China keeps its loan prime rates on hold as expected

China left its benchmark lending rate unchanged for a third month in a row, according to an announcement from the People's Bank of China.

The one-year loan prime rate is steady at 3.65%, and the five-year rate is also on hold at 4.3%, the notice said.

— Abigail Ng

South Korea saw exports drop further in first 20 days of November

South Korea's exports for the first 20 days of November fell 16.7% on an annualized basis, with demand from China lagging, according to data from the customs agency.

The slump in exports is a sharp drop from the 5.5% fall seen in October compared to the same period a year ago.

Imports also dropped 5.5% for the first 20 days of November, resulting in a slight improvement in the trade deficit — $4.4 billion for the period, compared with a deficit of $4.9 billion reported in October.

The country has recorded a total of $40 billion in trade deficit year-to-date, statistics from the agency showed.

— Jihye Lee

CNBC Pro: Morgan Stanley's Mike Wilson predicts the S&P 500's bottom, calls it a 'terrific buying opportunity'

Morgan Stanley's Chief U.S. Equity Strategist Mike Wilson says we're in the "final stages" of the bear market, but the situation will remain challenging for a while longer.

He predicts when — and at what level — the S&P 500 will hit a "new low."

CNBC Pro subscribers can read more here.

— Weizhen Tan

China is expected to hold its benchmark lending rates steady, Reuters poll says

China's central bank is expected to keep its one-year and five-year loan prime rates on hold, according to analysts polled by Reuters.

The one-year rate currently stands at 3.65%, and the five-year LPR is at 4.3%.

The People's Bank of China last cut both rates in August.

China's offshore yuan was weaker at 7.1376 against the U.S. dollar ahead of the decision early Monday.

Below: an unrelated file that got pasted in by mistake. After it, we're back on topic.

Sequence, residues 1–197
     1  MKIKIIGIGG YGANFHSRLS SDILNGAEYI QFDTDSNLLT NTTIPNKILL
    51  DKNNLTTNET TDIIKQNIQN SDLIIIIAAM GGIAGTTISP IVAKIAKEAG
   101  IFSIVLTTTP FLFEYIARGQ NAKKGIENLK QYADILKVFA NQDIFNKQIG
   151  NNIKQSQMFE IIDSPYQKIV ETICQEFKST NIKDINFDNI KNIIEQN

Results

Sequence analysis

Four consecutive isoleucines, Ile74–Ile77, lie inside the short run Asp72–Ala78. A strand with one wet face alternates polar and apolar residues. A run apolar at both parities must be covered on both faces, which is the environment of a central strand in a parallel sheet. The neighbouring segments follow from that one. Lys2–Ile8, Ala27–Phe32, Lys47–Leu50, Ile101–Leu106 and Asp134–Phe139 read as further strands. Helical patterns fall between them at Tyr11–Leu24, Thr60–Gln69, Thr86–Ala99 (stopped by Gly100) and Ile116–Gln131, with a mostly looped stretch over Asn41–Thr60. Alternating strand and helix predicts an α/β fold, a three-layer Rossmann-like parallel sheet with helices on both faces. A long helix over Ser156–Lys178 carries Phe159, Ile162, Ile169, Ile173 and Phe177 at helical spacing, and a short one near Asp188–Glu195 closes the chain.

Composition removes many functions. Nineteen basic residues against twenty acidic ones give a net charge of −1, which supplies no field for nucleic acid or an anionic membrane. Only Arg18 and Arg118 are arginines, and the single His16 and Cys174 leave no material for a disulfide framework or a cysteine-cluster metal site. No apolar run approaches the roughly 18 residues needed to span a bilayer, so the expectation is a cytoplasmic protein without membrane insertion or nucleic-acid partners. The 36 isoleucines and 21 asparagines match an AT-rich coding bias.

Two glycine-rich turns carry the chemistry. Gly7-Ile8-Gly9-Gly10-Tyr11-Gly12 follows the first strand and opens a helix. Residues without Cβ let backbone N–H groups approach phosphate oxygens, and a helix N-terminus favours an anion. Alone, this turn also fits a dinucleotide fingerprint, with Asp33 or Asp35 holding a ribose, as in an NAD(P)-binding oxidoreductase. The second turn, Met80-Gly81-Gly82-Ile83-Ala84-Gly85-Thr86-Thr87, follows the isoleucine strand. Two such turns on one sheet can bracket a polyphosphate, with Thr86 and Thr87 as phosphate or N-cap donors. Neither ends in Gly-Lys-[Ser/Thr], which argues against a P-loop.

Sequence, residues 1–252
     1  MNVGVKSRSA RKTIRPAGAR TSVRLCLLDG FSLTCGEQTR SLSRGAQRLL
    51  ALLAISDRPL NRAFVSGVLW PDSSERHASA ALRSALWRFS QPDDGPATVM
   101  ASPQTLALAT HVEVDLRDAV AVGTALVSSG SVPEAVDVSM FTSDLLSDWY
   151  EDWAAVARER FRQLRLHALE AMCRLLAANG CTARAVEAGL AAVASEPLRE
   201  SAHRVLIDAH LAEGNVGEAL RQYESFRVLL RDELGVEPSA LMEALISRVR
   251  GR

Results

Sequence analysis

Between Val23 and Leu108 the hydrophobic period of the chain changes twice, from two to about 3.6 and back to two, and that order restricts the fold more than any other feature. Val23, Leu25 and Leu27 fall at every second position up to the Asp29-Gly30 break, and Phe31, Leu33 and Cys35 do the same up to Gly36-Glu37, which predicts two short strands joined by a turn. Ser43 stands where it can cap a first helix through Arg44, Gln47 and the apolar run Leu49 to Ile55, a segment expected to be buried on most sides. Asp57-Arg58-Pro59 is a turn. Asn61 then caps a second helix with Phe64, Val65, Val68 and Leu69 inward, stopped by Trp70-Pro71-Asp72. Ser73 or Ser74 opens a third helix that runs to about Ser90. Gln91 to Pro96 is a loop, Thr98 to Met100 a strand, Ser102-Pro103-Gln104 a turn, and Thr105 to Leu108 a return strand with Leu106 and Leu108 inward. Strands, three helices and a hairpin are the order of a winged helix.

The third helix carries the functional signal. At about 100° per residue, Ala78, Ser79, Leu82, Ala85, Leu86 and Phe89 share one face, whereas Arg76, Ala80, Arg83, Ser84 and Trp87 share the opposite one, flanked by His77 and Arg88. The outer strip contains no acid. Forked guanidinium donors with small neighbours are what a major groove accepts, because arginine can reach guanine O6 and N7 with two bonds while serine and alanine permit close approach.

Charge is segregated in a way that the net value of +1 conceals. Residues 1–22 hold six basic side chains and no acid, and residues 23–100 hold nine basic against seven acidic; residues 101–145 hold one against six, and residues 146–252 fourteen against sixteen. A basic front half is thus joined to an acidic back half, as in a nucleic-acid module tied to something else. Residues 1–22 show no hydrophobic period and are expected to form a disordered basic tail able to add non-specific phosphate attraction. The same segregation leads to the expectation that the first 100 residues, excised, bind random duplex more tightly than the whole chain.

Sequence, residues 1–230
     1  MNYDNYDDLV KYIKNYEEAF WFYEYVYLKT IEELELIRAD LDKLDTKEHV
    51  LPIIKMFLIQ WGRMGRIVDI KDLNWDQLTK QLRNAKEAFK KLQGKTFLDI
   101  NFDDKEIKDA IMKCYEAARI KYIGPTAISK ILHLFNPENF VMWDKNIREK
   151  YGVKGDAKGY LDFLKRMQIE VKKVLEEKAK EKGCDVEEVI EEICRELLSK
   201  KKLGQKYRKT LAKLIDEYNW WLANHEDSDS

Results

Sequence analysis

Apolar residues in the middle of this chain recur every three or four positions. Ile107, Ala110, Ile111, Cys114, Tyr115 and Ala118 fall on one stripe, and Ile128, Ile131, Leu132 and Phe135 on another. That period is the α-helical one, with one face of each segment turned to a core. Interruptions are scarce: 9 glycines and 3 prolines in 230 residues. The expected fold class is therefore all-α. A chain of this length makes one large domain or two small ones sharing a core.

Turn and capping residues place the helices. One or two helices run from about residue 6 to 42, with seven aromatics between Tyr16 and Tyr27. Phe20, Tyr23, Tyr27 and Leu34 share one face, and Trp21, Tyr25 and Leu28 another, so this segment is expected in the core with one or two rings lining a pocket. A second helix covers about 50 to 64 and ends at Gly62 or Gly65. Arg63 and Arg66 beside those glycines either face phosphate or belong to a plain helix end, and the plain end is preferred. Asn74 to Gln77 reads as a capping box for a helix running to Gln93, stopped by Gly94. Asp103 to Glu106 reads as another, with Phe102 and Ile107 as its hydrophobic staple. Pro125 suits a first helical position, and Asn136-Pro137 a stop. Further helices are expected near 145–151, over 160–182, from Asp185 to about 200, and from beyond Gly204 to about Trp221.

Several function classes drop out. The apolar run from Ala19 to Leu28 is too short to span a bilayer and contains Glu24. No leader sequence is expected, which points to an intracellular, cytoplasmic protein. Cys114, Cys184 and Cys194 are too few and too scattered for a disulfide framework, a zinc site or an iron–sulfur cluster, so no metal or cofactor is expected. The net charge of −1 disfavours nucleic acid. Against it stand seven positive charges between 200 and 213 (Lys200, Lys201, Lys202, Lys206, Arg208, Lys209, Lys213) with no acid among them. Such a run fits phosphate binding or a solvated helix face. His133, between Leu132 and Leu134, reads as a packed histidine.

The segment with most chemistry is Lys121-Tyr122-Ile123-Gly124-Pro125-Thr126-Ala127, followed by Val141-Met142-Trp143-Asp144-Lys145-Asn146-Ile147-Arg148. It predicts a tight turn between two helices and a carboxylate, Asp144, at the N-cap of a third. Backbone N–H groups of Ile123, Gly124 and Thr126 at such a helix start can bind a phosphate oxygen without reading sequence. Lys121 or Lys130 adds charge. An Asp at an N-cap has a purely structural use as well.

— Abigail Ng

CNBC Pro: Strategist says Chinese tech stocks, like Alibaba, are 'deeply undervalued'

This year's 30% decline in the value of Chinese Big Tech stocks, such as Alibaba, has made them "incredibly cheap," according to investment bank China Renaissance.

Its head of equities, Andrew Maynard, not only believes that the stock market appears to have bottomed, but also that investors may miss out on a rally if they remain underweight on China.

"Without a shadow of a doubt, being underweight China is going to cost you going forward," Maynard said.

CNBC Pro subscribers can read more here.

— Ganesh Rao

Markets are watching for more clues on Fed hikes and the economy in the week ahead

Investors may be a bit more cautious in the week ahead, with stocks seeking direction in quiet trading and the bond market's warnings about recession getting louder.

The Thanksgiving holiday on Thursday should mean markets will likely be quiet Wednesday and Friday. Traders will be monitoring reports on Black Friday holiday shopping for feedback on the consumer.

"It's really a week where data dependence is the key phrase," said Julian Emanuel, senior managing director at Evercore ISI. "The bias [for stocks] is higher unless data continues to deteriorate and the Fed stays on its hawkish slant... which has clearly been reinforced in the last 48 hours."

Check out our full deep dive on what to expect in the week ahead here.

— Patti Domm, Tanaya Macheel